• In case of the termination of marriage under the default regime, the community of assets ceases and the net estate has to be divided.

The net estate includes some money held by the spouses, the value of the family home, investments, business assets etc. Personal assets, such as clothes, or personal rights, such as copyrights, compensation for injury, are not included. 

  • The division of the property could be made by a personal agreement or by the local court, even though the latter option is not frequent. 

If a spouse owns an asset, he or she can demands possession of it. However, where the value of the owned asset exceeds the value of the division shared, the spouse has to pay the difference to the other party. Courts can deny the equal division of the property where there was a short duration of the marriage (less than 5 years) and a spouse brought into marriage more assets than the other one. Under the alternative regime, the separation of the assets does not take place, because they are already personal. Only in special cases, the court can order the spouse to share the value of his own property with the other party, if the latter one could end up with a precarious financial situation after the divorce

  • In succession law, the spouse is an heir of first class.

He or she inherits alone in the absence of children or inherits with children and other decedent’s descendants. The surviving spouse is entitled to half of the estate while the children are entitled to the remaining half, distributed in equal shares. The surviving spouse will inherit the entire estate in the absence of descendants. The estate will pass to the relatives of the deceased, in case of absence of a surviving spouse.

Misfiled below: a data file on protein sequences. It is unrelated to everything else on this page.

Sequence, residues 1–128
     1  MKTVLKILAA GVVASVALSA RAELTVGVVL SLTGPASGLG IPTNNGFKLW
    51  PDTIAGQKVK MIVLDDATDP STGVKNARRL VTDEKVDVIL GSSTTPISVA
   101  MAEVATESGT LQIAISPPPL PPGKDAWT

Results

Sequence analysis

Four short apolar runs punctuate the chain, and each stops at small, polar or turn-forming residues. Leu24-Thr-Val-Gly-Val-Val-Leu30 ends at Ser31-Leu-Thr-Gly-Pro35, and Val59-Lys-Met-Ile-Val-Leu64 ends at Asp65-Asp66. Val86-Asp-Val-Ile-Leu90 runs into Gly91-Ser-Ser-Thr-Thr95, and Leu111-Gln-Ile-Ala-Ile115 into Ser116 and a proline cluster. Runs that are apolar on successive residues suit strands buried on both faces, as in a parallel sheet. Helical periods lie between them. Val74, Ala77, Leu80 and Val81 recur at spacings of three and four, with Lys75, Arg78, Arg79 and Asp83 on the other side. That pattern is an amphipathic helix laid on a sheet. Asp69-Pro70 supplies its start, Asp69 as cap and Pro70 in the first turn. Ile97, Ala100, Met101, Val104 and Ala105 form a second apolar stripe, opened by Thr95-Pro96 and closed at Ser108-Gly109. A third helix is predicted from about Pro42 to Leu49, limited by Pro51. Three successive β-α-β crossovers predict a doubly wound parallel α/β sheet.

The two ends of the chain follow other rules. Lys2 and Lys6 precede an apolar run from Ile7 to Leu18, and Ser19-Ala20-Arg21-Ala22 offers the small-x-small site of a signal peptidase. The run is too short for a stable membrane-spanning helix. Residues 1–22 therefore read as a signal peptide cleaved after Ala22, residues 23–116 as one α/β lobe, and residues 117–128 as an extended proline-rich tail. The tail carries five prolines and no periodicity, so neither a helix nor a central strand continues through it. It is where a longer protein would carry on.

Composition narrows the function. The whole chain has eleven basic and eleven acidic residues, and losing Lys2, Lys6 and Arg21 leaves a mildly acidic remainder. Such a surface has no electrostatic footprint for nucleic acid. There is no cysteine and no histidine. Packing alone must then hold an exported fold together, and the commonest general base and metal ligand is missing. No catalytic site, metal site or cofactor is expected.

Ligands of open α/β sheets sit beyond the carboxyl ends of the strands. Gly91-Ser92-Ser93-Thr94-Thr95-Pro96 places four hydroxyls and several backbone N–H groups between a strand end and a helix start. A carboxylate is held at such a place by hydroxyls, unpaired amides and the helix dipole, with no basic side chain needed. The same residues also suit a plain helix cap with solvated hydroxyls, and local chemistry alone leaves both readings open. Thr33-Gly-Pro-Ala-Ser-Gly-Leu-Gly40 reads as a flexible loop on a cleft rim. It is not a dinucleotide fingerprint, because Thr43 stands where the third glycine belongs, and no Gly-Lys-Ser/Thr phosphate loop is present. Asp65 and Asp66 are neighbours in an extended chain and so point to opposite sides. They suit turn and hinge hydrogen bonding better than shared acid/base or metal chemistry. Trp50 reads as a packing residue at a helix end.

• Since Act No. 372 of 7 June 1989 recognized same-sex couples, registered union had almost the same effects of the marriage. In 2012, the Act No. 532 of 6 June has recognised the same-sex marriage. 



  • In Danish family and succession law, informal unions have different legal effects than marriages. For informal unions there is no financial support to each other provided and extramarital partners can inherit only based on the will. The informal unions have some rights in respect of social security, compensation, taxes and housing. 

Based on the national report prepared by Roberto Garetto, Stefano Zordan, Paolo Quacquarini, Manuela Giobbi,Giovanni Russo, Vincenzo Bonanno & Giovanna Di Benedetto